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Current Mood: Karma sucks
 
 
Etheleona, Preoperative Posthuman
11 November 2007 @ 11:17 pm
Phoenix made this flash icon showing Teen Adolf morphing into my 10th. grade ID card photo:



Portrait of the artist as a young man.. er, woman.... Freaky, huh?

Another odd thing is that the transition in the middle looks a lot like my best friend from college.
 
 
Current Mood: Weirdness
 
 
 
Etheleona, Preoperative Posthuman
07 November 2007 @ 01:56 pm
Poets say science takes away from the beauty of the stars — mere gobs of gas atoms. Nothing is “mere.” I too can see the stars on a desert night, and feel them. But do I see less or more? The vastness of the heavens stretches my imagination — stuck on this carousel my little eye can catch one-million-year-old light. A vast pattern — of which I am a part — perhaps my stuff was belched from some forgotten star, as one is belching there. Or see them with the greater eye of Palomar, rushing all apart from some common starting point when they were perhaps all together. What is the pattern, or the meaning, or the *why?* It does not do harm to the mystery to know a little about it. For far more marvelous is the truth than any artists of the past imagined! Why do the poets of the present not speak of it? What men are poets who can speak of Jupiter if he were like a man, but if he is an immense spinning sphere of methane and ammonia must be silent?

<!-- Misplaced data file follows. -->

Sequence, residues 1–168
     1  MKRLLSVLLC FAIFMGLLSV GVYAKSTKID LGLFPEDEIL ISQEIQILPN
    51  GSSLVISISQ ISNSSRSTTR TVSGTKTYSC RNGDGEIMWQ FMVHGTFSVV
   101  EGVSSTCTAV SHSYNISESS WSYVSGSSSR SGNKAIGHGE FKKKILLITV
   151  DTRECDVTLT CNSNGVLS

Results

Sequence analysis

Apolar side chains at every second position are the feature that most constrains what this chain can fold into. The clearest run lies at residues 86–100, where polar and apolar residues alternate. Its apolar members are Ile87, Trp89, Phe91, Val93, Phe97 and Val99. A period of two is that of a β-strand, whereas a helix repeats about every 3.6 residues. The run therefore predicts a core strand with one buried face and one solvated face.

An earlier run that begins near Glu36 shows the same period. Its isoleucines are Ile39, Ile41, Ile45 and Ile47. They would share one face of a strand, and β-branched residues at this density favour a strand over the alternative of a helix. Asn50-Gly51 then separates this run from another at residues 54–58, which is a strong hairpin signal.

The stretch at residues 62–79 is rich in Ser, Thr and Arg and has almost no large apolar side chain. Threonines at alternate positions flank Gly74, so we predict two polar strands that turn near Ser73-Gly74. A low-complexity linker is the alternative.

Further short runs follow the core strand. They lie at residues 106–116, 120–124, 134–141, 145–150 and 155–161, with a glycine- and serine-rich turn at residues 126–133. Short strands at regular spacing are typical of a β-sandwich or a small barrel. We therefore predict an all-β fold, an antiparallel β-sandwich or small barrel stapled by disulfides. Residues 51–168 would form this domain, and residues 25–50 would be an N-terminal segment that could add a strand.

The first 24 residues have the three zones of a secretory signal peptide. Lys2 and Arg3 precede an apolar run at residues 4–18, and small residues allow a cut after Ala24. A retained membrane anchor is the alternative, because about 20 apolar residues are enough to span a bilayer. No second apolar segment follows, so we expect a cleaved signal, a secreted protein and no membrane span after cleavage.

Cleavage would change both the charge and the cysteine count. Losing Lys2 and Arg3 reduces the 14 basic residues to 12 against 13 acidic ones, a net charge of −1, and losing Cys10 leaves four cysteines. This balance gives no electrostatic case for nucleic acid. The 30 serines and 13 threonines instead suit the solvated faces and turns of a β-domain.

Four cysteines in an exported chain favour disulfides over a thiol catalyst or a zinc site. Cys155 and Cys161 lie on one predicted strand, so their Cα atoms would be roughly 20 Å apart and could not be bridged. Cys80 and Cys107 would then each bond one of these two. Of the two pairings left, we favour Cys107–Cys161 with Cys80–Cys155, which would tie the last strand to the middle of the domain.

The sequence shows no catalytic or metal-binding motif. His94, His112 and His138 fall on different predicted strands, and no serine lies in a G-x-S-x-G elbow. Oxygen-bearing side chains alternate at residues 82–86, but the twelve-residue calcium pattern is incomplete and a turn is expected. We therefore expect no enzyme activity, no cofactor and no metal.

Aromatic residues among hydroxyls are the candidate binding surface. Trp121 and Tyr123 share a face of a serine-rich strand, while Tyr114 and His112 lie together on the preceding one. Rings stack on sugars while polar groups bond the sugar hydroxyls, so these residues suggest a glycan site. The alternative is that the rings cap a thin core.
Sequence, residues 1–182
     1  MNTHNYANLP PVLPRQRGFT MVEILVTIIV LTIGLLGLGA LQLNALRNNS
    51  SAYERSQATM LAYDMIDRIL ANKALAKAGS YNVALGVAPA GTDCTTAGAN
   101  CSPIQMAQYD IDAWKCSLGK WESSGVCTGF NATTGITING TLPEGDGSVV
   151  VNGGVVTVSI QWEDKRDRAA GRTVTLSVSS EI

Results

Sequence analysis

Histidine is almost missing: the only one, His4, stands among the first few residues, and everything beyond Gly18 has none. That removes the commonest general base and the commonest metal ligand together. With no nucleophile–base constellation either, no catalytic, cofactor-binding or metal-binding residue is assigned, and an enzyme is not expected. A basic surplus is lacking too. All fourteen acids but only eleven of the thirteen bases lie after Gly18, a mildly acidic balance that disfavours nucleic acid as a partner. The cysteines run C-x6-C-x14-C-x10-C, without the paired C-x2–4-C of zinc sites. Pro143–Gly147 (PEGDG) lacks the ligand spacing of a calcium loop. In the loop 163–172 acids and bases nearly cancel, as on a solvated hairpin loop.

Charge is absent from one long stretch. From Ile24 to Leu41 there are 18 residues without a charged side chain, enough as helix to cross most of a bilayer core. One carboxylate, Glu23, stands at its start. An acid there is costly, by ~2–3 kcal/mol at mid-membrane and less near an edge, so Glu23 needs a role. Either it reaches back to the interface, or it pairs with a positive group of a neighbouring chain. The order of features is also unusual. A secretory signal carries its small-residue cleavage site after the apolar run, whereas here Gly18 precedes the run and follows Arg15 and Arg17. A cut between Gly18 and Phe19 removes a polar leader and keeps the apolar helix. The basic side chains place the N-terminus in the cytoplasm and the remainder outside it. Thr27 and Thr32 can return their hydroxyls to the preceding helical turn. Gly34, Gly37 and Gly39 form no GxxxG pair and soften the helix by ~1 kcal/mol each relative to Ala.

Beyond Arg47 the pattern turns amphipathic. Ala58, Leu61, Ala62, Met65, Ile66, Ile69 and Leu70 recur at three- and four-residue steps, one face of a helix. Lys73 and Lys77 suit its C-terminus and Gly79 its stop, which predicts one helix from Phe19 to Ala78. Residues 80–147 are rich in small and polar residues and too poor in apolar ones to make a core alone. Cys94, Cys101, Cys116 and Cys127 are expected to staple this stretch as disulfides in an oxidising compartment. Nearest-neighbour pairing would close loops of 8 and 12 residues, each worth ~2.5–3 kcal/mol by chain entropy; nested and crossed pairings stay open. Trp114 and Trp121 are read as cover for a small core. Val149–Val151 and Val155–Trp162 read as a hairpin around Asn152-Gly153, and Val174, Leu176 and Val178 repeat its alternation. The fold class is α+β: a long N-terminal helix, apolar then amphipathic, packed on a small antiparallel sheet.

– Richard P. Feynman (1918-1988)


For those with the imagination to see them, there will always be giants in the world -- whether they be stone giants or gas giants.